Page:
Stardust, David Bowie
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Stardust” is a movie about David Bowie’s journey to discovering his now, iconic identity. Directed by British filmmaker Gabriel Range using a script from Christopher Bell, we follow the musician’s first US publicity tour. The famous 1971 tour that would become the foundation behind his album Hunky Dory and his Ziggy Stardust alter-ego.

Not everyone becomes a star overnight. Bowie before going on tour, in the states, was a smash hit almost all around the world. However, his career would find itself at a standstill for a period. So, we as viewers are taken on this “tour” along side the artist, who believes he is meant for stardom.

To be honest, the movie left me a bit heavy hearted. It was more about Bowies journey than his music. Now there have been biopics in the past that have worked without having the artists hit music in them. For example, the 2013 Jimi Hendrix film, “Jimi: All Is by My Side.” I wanted so badly to be more acquainted with his songs because I am a bit unfamiliar with who he is and what he sings. 

When I think of Bowie I think of a lightning bolt painted across his face. Hopefully I got the right person!

However, according to a movie review done by Variety, which makes perfect sense, “If you want to make a film about David Bowie and can’t afford to go after the rights to his songs. Then you come up with a movie like “Stardust,” which follows Bowie during the year that Ziggy Stardust — the persona, the fashion, the music — was still germinating in his head.”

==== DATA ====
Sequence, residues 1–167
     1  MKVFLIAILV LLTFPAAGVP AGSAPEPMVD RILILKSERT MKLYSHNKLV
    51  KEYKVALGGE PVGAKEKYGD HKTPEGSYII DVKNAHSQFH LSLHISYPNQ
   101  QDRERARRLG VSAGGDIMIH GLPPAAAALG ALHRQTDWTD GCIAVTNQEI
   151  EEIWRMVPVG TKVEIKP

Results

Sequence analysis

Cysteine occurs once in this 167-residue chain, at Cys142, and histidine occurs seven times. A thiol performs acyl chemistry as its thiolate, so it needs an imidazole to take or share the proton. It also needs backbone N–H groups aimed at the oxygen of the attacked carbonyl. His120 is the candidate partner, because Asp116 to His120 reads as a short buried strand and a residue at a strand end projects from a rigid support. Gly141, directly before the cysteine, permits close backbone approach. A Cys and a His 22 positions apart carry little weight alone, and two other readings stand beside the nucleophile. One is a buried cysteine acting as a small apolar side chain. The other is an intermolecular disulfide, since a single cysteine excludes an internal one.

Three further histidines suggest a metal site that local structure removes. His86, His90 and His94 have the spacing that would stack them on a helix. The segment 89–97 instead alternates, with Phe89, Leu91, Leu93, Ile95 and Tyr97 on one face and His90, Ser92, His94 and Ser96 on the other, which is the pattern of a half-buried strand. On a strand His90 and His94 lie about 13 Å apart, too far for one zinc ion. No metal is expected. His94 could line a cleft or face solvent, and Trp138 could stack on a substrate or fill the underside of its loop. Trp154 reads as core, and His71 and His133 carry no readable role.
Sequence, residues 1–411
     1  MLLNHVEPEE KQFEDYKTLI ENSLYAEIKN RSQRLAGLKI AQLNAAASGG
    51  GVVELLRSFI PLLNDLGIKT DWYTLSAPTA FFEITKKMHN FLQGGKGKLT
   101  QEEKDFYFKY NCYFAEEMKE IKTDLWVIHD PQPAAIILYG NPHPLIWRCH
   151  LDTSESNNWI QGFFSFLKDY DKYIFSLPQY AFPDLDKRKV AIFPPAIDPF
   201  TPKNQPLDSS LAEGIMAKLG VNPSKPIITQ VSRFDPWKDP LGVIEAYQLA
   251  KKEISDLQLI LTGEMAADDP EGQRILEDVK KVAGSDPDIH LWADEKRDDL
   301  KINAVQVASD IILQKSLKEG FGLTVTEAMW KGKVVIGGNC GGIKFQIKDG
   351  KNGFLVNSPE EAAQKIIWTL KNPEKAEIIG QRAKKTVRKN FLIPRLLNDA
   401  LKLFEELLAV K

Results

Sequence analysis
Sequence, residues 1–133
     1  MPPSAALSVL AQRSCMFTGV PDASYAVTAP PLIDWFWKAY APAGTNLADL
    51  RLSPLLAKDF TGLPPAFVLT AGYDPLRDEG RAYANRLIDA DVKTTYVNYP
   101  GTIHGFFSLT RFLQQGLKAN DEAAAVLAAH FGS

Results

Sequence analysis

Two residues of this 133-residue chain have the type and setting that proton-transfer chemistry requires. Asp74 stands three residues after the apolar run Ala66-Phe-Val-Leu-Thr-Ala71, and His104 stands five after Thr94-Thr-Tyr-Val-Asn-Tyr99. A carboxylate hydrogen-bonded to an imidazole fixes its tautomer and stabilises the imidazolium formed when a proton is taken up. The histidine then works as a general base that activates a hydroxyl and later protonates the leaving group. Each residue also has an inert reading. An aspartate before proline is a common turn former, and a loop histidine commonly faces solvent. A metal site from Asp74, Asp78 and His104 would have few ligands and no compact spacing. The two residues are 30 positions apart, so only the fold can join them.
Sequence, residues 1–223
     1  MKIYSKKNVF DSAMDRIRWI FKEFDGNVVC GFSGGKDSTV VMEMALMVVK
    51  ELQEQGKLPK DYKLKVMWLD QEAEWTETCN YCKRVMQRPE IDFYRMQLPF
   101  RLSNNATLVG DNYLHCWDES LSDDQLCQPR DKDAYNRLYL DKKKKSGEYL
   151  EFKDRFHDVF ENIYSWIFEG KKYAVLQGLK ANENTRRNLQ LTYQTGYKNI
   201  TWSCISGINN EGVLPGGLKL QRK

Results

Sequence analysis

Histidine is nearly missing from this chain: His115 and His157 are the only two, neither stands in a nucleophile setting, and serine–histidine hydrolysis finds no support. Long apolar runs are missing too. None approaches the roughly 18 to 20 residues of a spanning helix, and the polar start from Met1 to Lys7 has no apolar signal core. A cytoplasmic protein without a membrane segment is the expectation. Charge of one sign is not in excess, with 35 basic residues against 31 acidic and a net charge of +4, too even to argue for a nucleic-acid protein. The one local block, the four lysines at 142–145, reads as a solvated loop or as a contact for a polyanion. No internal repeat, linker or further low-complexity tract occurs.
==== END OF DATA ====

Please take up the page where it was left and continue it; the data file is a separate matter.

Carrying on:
I will say that this movie does highlight the struggle people have in life of trying to find their identity. In addition, staying authentic and believing in yourself, even if the world doesn’t. My favorite line was, “All it takes is one believer to change the world…. You believe in yourself, don’t you? Cause if you don’t we’re really f’ed!”

What a powerful quote! 

If you don’t believe in yourself then why should anyone else? Moreover, if you don’t, how will you ever get to where you want to be? They showed that Bowie deeply believed he was meant to be a star, the challenge was how to get there.

The cast was great and they all played their characters very well. I thought Johnny Flynn did a good job playing an eccentric Bowie. Jena Malone played a powerful female part that although frustrating at times, stood up for herself and what she wanted. Marc Maron was an amazing supporting actor as Ron Oberman, who believed in Bowie and gave him honest feedback. He also added a bit of dry humor to the movie.

To sum things up, today I learned a little something new about David Bowie and I will say the movie was well done. It did however, leave me wanting to watch something more upbeat and happy after it ended. 

By Megan Abrigo

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